As Good As Gold Gets
Iron pyrite, otherwise known as fool’s gold, is a fool no more. One of the most abundant minerals in the earth’s crust, it is often discarded without a thought. Now, however, it is being taken very seriously by UC Irvine chemistry professor Matt Law and his team.
“This is something that is basically just thrown away,” Law said. “It just sits there in an open mine when it is possible that there’s some really great importance in it.”
What makes fool’s gold so attractive are its many benefits, as opposed to only one flaw. Not only is it earth abundant — meaning it would not suffer from price problems — it is also non-toxic.
The major downside is that its iron-to-sulfur ratio is difficult to control. The missing sulfur causes voltage problems so Law is trying to find ways to improve that ratio by making more sulfur stay in the pyrite crystal.
“What we are doing is making an ink that is user-friendly, something we can spray on a surface,” Law said. “We get that ink onto the surface and begin sintering it.”
In order to use the pyrite, researchers first try to produce a homogenous, thin film. Using semiconductor nanoparticles, they create a colloidal suspension, similar to milk, making sure that the pure mineral particles don’t fall out of the solution.
Sintering is a process that involves heat to merge the small particles into one big sheet of material. The result is a solid film composed of many crystals. The bigger the crystals, the easier it is to collect electrical current from the film.
“Successfully making this stable and usable nanocrystal ink was the proudest moment for us,” Law said. “It was a culmination of a lot of work by three students in the group. So many different syntheses were attempted, but they never panned out – we either couldn’t keep the material in the ink or it wasn’t completely pure.”
Ultimately, what Law and his team hope to do is create pyrite solar cells to replace the current silicon panels that are most commonly used. They would be deployed in a similar fashion, either in solar farms or integrated onto buildings.
“Iron pyrite will probably be able to produce the same amount of power and convert sunlight into electricity at pretty much the same rate as it is being transferred now,” Law said.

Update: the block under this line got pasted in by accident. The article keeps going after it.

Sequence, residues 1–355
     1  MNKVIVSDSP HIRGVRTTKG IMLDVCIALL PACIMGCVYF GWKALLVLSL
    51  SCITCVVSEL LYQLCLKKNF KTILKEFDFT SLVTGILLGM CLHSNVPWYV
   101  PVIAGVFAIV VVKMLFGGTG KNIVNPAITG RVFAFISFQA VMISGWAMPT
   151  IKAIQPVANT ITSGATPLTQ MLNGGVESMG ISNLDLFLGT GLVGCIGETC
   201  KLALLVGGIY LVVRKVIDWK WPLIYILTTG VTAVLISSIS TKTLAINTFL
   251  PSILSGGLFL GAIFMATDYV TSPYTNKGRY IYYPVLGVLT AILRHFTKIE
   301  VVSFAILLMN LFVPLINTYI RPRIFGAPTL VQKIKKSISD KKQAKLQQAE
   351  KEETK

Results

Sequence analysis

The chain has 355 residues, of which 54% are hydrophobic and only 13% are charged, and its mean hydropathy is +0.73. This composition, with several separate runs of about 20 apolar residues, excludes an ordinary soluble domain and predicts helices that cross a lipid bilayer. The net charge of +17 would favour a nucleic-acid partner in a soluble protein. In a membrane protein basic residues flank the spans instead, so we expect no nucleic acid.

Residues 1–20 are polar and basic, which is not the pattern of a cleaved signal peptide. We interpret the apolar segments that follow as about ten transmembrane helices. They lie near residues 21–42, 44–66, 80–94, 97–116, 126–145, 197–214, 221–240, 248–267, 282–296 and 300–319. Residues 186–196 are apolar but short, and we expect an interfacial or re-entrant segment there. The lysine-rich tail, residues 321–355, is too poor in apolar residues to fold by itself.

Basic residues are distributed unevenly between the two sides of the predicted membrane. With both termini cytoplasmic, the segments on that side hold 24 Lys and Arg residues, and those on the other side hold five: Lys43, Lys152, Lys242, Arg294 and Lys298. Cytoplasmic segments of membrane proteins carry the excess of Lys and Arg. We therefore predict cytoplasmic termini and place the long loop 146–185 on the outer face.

Finally, and possibly the most importantly, it would likely be cheaper than existing technologies. The use of solution processing, rather than vacuum processing, would help keep the temperatures low and, essentially, the costs down. The biggest selling point, though, is pyrite’s availability.
“Iron pyrite most definitely has a cost advantage,” Law said. “Although it depends on the manufacturing process, it will be made as cheap as possible.”
The only thing that would potentially deter this from being much more inexpensive is the fact that there are a lot of layers that make up a solar panel. Law hopes to ensure that all the layers can be produced inexpensively.
Law has actually been interested in pyrite since graduate school. When his friend introduced him to the mineral and its potential uses in solar cells, he initially assumed that it must have a “fatal flaw.” As he read more about it, however, he became convinced that it had a lot of potential and deserved more work.
“In the 1980s and 90s, pyrite was investigated by several groups in Europe, but the research fizzled out because of both the low voltage and low efficiency. I thought I could figure out what’s wrong with this material and develop the chemistry to fix it. I knew, in my mind, that it was something worthy of trying,” Law said.
Now, four UCI professors, 15 UCI graduate students and postdoctoral scholars are participating in this research, which is being funded by the National Science Foundation for the next three years. Still, Law and his team have a number of steps to go before pyrite solar cells become a reality.
He hopes to better understand the optical properties of iron pyrite, which include how much light it can absorb.
“We know that pyrite absorbs strongly, but we want to quantify it,” Law said.
They also look to create another technique to make the material completely flat and filled in, with no pores, which would make the solar cell perform better, because of the better film morphology.
Finally, they hope to understand the behavior of their “ink,” such as how long its shelf life is, what happens to it before and after the sintering process and what evaporates from the film during processing. All of this will help to make the film even better, and the best starting point to making this real is to create the highest quality pyrite layers possible.
“Ultimately, I think we have a very good team of collaborators, and a great chance to solve the voltage problem, which could make pyrite very important for alternative energy,” Law said.
The response from the scientific community, as well as the public in general, has been positive, with many expressing interest and curiosity in iron pyrite.
“Having economical solar technology that can scale to really large areas could have an enormous impact on the global energy picture,” Law said. “We could make an astounding amount of solar energy with iron pyrite.”